Throughout my life I’ve taken trips to the White Mountains and have gazed upon the looming Mt. Washington. In the past three years, Mike and I have had the opportunity to spend more time up here and every time we pass Mt. Washington I wonder if I could hike it. For some reason this mountain instilled a bit of fear in me (perhaps from reading Not Without Peril: 150 Years of Misadventure on the Presidential Range of New Hampshire by Nicholas Howe). I had to challenge myself to see if I could conquer this large rock pile.
We’ve had perfect weather up here this week and we decided Thursday would be the day we tackled the beast. We decided on a loop trail. We have done the mileage before, we have had the experience of tough ascents, so what was there to worry about? I could do this, I kept telling myself.
We parked at the Ammonoosuc Ravine Trail parking area. On a Thursday morning at 7:30 a.m. the lot was not full. Parking here and not at the cog added on another 1.4 miles to the trip. Keep that fact in mind when your legs are ready to give out on the way back (Jewell trail) and you think you only have .3 to the parking area (that is to the cog parking area) you really have a bit more.
The first 2.1 miles to the Gem Pool were an easy walk in the woods. Some parts of the trail had seen the wrath of Storm Irene.
At 2.1 miles we reached the Gem Pool. We rested here with another group of hikers that we would spend most of the day leap-frog hiking with.
I knew that the next section of the Ammo Ravine Trail would be the toughest part of this entire hike. Smith and Dickerman’s words from the White Mountain Guide kept surging into my brain “very steep and rough and is likely to prove arduous to many hikers…” With a deep breath I attacked this section.
Along the way we passed softly cascading falls and when we turned around we had stunning views out.
We finally approached the final push up to the hut.
We arrived at the Hut and I had the chance to reflect on that part of the trail, I just attacked. For me this trail had it all; views, rock scrambles, ledges, waterfalls and forests. I fell in love with it and never once swore at the trail. I would hike the Ammonoosuc Ravine trail anytime, well except in wet and icy conditions.
We spent some time at the Hut, chatting with the group we kept bumping into. We looked over at Monroe, but decided that beast could wait for another day (another chance for me to hike the Ammo).
After snacking and putting on some warm clothes, we struck out on the Crawford Path to the summit of Mt. Washington. We had 1.5 miles to go.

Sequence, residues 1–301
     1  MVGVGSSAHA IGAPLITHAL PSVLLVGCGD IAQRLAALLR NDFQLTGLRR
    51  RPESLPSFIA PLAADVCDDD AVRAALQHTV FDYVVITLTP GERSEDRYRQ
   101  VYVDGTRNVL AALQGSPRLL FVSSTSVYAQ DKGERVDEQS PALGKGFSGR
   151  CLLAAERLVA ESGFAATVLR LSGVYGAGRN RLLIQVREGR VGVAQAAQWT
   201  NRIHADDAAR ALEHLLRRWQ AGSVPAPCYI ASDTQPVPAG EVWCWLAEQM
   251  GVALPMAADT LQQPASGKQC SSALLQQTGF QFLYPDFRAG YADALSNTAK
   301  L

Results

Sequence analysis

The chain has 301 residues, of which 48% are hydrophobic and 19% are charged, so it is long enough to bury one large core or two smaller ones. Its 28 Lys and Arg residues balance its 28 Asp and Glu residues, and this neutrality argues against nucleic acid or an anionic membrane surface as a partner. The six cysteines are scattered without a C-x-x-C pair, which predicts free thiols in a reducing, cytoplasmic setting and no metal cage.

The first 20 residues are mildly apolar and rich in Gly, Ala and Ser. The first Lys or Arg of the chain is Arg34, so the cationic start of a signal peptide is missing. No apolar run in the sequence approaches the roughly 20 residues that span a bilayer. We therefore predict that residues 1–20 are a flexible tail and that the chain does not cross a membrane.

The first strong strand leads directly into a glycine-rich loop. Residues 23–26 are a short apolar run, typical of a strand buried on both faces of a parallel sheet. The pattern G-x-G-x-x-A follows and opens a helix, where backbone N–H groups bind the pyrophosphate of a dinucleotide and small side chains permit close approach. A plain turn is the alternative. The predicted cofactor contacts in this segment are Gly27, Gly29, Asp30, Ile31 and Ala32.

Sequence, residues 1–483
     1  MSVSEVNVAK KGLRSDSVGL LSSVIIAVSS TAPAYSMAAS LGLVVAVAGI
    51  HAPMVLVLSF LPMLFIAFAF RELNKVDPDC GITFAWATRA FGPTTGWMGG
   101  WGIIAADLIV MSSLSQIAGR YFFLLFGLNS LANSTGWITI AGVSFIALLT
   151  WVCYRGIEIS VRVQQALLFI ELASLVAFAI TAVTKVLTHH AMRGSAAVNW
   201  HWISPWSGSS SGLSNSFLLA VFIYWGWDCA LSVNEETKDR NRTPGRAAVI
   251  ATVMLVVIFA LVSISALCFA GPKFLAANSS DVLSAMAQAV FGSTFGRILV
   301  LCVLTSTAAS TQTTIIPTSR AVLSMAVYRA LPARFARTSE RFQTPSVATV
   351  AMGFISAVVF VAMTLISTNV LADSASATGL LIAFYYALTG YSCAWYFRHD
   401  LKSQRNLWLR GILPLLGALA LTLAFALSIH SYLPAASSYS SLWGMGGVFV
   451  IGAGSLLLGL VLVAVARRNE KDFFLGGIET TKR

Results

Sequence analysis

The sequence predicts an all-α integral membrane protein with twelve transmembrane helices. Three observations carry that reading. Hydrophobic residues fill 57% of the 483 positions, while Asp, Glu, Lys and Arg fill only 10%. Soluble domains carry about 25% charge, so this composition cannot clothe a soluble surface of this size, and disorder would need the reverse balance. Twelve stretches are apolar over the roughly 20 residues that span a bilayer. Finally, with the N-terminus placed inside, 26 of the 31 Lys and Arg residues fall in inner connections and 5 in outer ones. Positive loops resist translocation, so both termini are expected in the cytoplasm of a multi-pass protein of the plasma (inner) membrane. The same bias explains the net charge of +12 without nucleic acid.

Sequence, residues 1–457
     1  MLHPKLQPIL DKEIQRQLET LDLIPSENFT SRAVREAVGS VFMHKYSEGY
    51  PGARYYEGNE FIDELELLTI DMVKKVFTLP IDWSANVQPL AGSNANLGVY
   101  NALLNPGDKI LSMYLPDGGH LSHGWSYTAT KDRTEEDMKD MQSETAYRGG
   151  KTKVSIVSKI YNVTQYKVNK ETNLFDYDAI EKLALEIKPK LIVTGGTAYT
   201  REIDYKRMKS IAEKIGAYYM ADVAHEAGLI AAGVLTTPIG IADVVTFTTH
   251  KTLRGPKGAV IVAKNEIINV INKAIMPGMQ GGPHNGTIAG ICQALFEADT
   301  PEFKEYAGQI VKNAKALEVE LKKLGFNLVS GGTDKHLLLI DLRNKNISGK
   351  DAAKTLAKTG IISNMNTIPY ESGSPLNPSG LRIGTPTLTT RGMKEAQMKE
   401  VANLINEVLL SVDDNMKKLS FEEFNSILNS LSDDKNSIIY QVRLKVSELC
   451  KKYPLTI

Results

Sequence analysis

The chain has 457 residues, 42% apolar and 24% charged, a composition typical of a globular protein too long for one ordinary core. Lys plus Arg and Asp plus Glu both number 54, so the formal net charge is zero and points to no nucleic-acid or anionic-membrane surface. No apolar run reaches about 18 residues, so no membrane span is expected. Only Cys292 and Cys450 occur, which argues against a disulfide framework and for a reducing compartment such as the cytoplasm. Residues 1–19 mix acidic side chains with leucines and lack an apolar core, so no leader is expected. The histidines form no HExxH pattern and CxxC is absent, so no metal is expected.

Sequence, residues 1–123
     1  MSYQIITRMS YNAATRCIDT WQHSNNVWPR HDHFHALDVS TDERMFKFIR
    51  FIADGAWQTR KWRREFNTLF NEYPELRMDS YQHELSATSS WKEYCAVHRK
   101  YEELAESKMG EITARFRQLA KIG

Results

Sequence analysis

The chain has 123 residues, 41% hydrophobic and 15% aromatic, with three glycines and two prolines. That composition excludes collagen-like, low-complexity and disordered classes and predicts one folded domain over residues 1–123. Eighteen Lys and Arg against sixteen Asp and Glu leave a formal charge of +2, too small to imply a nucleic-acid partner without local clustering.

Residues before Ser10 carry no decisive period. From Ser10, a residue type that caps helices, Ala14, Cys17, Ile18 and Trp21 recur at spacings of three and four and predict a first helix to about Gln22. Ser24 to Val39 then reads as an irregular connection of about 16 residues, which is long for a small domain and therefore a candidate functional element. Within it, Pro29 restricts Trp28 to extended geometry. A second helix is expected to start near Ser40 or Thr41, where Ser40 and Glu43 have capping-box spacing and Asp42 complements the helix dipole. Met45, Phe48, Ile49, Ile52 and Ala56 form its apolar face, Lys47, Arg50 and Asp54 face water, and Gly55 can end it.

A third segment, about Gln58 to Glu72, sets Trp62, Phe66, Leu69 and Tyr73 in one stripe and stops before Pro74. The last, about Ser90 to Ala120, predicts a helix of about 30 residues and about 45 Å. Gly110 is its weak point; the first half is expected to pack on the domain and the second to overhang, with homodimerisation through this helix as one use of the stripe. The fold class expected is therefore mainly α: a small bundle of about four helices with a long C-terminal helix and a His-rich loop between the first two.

As we trekked along, the summit kept playing hide and seek in the fog.
We continued our hike, watching people ahead of us wind their way around and looking back watching people catch up to us.
As we approached the summit, the excitement grew within me. I couldn’t believe that I was actually going to summit this rock pile. I knew though the journey was not over once we reached the summit. We still had to descend and no trip, for me, isn’t successful until I reach the car.
Once we reached the summit, I wanted my picture taken by the summit sign. Mike didn’t need to have his taken. The line wasn’t long and I only shoved one kid out-of-the-way for not standing in line and jumping in front of everyone. I really think there should be two signs, one for hikers and another one for people who are transported up by other means than their own two feet.
We hung around, walking the observation deck, eating our lunch inside, chatting with fellow hikers and realizing we weren’t physically drained yet. Yes, one guy hiked up in two hours and he had to be in his sixties. The weather at 1 p.m. was 48, winds out of the west at 28 mph, gusts to 36 mph and windchill was 40.
We decided it was time to descend. We left via the Trinity Heights Connector trail, that would bring us to the Gulfside Trail.
Looking to the left we could see the Northern Presidentials.
After the connector we joined the Gulfiside trail. On this trail you cross over the Cog Railroad.
This trail overlooked the Great Gulf Wilderness. This was Mike’s favorite part of the trail.
While on this trail you have to go around Mt. Clay, which required going up.
We eventually met up with the Jewell Trail.
I will tell you from this sign until we hit tree line, I wasn’t happy. This was brutal for me and it stopped being fun. My feet started to get tired, it was so much rock to be on, judging the footing, making sure I landed on a rock and not an empty space. Looking out, it seemed like we weren’t making any progress, but at least the views out were beautiful.
Finally we hit tree line and my attitude was adjusted for the better.
As we descended deeper in the forest the footing became easier and we had a chance to peek out to see our trail up to Lake of the Cloud Hut.
We did meet up with the party we kept leapfrogging with on the trail. They had taken a break and just wanted to end the hike. We all agreed our least favorite part of the trail was the rock section of the Jewell trail. The group asked how much further to the parking lot (they were at the cog), we said another half mile and that energized them. We set out together and enjoyed this section.
We parted ways at the parking sign, they only had a bit to go and we still had another .7 miles to go. At this point, it became just put one foot in front of the other kind of hike.
We finished finally after 8 hours and 48 minutes. We did it. We climbed a huge rock pile, had an amazing time and I conquered the fear I had towards that mountain. Now when we drive by it, I can say hello and yup I conquered you.
The Details: Parked at Ammonoosuc Ravine Trailhead (which adds on more mileage than books have). Hiked Ammmonoosuc Ravine to Lake of the Clouds Hut to Crawford Path to the Summit of Washington to Trinity Heights Connector to Gulfside Trail to Jewell Trail. 10.2 miles, 8 hours 48 minutes, 4200 elevation gain.
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